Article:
Women who are believed to have brought shame and dishonor to their family by engaging in illicit pre-marital or extra-marital relations are targeted. Men who have engaged in sexual activity with the female are also killed but majority is women. In order for the honour to be restored, a male family member must kill the female who is found guilty. What’s outraging is that the victim has absolutely no given opportunity to defend herself and once found guilty, only blood will remove the stain of dishonor. Other violations can be a woman refusing to enter into an arrange marriage, seeking divorce (even from an abusive husband), having relations with a man outside of marriage (sexual or non-sexual), flirting and even if she is the victim of rape. Most of the murders take place because of suspicions, misunderstandings and animosity. It reminds of crime of passion where the husband kills his wife. The accusation comes as a sudden surprise that usually the victims has no opportunity to save their own lives, seek help, find protection from the police or court. And because it usually happens inside the family, the perpetrators get away with paying blood money and forgiving each other.

I believe that this practice is just an bad excuse for getting rid of women, get hold of someone’s land, earning blood money  and to take revenge.

If and when the case reaches a court of law, the victim’s family may ‘pardon’ the murderer (who is usually one of them), or be pressurized to access blood-money as compensation. The murderer then goes free.

Once such a pardon has been secured, the state has no further writ on the matter. Human rights agencies in Pakistan have repeatedly emphasized that women falling prey to Karo-Kari were usually those wanting to marry of their own will. In many cases, the victims held properties that the male members of their families did not wish to lose if the women chose to marry outside the family. More often than not, the Karo-Kari murder relates to inheritance problems, feud-settling or simply to get rid of the woman. The families always say that it was suicide or fatal accident.

Lives claimed

 Unmarked graves of victims

During the first months of 2011, 11 murders took place in Sindh province of Pakistan. 6 women and 5 men were killed.

An unbelievable incident was when a 25 year old man killed his 55 year old mother suspecting her for having a relationship with another man. Begum Khatoon, the mother was sleeping when her son Hussain shot her to death. Hussain and his friends later threw her body 50 meters away from the village. The victim’s brother filed a report at the police station against his nephew and 2 others. The cold blooded killer stated from prison: “I don’t have any regrets for killing my mother because she was kari and deserved punishment”. “I am a man of honour and will not spare the karo, once I am out of the lock-up.”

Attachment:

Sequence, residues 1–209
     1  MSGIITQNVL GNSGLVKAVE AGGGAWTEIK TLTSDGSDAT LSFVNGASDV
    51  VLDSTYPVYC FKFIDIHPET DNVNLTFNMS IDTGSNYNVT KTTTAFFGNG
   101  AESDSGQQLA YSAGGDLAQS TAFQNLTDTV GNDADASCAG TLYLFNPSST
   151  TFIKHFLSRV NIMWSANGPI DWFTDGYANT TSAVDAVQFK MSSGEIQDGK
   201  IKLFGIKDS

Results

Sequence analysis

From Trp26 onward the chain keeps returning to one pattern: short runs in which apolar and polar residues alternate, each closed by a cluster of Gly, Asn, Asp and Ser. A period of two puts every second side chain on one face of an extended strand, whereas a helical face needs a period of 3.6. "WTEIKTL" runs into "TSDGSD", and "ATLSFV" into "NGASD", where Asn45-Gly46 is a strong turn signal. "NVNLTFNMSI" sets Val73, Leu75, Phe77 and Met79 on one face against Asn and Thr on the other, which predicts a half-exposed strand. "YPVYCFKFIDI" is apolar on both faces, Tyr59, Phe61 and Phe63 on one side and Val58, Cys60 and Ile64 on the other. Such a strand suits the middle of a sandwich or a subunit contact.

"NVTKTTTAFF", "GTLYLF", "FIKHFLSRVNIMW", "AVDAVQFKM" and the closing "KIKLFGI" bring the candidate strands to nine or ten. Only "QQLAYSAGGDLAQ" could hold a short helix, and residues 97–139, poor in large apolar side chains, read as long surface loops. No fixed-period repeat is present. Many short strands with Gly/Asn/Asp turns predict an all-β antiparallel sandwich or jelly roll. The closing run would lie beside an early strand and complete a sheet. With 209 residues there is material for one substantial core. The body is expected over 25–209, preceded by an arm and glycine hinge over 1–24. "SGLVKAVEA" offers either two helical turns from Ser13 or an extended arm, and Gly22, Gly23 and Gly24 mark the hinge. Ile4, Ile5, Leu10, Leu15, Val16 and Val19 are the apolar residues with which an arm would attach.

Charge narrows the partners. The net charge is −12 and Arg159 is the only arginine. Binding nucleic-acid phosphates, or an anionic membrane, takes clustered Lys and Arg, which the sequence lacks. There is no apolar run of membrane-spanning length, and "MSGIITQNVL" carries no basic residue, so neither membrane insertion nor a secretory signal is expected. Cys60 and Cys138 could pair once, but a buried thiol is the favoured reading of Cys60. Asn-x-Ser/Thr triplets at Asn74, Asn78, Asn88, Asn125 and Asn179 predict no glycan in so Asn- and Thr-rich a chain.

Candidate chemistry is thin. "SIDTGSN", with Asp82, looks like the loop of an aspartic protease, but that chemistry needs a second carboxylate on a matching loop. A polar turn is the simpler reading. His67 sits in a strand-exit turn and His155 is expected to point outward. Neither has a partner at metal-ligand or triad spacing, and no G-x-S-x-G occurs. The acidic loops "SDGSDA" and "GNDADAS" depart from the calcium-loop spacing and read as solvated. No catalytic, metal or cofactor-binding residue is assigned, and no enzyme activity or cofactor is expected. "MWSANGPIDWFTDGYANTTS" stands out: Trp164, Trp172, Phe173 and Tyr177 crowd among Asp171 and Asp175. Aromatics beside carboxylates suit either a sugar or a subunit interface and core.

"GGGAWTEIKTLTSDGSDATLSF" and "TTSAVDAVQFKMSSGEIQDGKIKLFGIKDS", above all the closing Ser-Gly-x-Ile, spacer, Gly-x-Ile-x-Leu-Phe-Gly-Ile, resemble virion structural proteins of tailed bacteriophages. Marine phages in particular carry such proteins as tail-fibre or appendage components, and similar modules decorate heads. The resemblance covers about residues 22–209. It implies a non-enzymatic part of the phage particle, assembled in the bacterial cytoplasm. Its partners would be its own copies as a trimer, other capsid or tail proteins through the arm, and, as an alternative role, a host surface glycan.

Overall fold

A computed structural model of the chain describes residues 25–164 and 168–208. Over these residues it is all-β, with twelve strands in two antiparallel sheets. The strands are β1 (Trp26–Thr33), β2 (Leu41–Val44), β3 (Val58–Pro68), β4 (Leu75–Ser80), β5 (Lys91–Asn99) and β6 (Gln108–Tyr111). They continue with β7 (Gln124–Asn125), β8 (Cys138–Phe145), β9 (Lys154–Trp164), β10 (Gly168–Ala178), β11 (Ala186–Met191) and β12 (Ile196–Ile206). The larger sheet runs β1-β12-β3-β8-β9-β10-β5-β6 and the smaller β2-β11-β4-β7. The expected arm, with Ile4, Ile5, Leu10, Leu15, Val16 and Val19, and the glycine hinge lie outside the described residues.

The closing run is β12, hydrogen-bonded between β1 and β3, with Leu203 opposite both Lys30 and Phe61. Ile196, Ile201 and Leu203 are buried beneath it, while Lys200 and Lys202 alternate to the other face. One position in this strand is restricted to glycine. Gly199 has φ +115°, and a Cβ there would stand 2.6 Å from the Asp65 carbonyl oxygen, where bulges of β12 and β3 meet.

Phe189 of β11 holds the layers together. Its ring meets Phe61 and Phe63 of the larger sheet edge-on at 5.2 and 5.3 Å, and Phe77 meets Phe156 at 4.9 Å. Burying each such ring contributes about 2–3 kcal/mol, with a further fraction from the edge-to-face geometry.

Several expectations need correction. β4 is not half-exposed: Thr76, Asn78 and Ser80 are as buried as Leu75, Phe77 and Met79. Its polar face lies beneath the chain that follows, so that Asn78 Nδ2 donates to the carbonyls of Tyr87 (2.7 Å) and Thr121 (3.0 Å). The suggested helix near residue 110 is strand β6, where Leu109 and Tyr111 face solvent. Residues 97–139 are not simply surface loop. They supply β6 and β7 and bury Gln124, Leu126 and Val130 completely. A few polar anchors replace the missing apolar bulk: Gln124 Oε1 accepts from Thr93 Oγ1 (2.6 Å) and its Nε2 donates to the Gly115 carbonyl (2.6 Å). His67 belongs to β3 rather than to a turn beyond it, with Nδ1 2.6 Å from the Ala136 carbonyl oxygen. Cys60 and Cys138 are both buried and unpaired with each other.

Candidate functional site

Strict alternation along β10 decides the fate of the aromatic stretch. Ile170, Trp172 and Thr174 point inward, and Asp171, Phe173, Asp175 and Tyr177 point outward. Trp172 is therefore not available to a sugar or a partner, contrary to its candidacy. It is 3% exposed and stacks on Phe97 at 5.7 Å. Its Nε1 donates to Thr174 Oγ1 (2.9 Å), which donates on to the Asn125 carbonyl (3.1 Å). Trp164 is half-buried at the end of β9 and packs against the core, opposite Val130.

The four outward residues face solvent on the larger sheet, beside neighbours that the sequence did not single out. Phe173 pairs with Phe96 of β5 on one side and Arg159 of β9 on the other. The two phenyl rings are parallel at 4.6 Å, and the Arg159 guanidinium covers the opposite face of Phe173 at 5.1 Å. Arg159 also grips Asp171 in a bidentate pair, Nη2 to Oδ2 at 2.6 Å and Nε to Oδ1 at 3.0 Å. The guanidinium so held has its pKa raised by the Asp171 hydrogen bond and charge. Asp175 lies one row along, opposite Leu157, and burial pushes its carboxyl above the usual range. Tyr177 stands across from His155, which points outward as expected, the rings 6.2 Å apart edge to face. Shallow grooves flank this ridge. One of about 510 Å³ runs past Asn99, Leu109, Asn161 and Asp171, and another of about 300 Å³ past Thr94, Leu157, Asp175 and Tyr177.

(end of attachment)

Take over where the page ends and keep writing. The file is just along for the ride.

In April a police constable shot and killed his wife on the pretext of Karo-Kari when he saw her in an objectionable state with her brother-in-law in his house. She was his second wife. The same month, 5 other people were killed for the same reason on 19th and 20th April 2011. Sono Mastoi had been suspecting his wife for having sexual relations with the youths of the area. He first shot his wife and then the 2 boys. There was not performed any post mortem, neither was anyone arrested.

12th April 2011, Farooq accused his wife Mukhtaran for having illicit relations with Asif Unnar, a residedent in the same village. Farooq tried to kill his wife but she managed to escape and hide in her parent’s house. Next day, Farooq went to a landlord, Mohammad Hassan Unnar telling him the story and Mokhammad Hassan gathered a meeting of community elders at his home. The accused Karo, Asif was on the run and the elders ordered that both Karo-Kari should be killed. When Mukhtarans father got the news, he went to the nearby police station and placed a police report against the 9 men, including Farooq and Mohammad Hassan. They were soon arrested.

Saima Bibi, a 21 year old woman was electrocuted by her family because she had secretly married a man they didn’t approve of. Police arrested her father and 3 other relatives after being tipped off from an anonymous caller. Bibi, an ethnic Baluch, defied demands from her family to marry a Baluch relative and instead ran away to the southern port city of Karachi to marry a fellow villager. Her father and several other relatives traveled to Karachi and duped her into coming back home, when she didn’t listen to further demands they electrocuted her, he said. Bibi’s family told police she committed suicide on Friday in their village in the district of Bahawalpur in Punjab, but a medical report showed signs of torture and electrocution on her hands, legs and back, police said.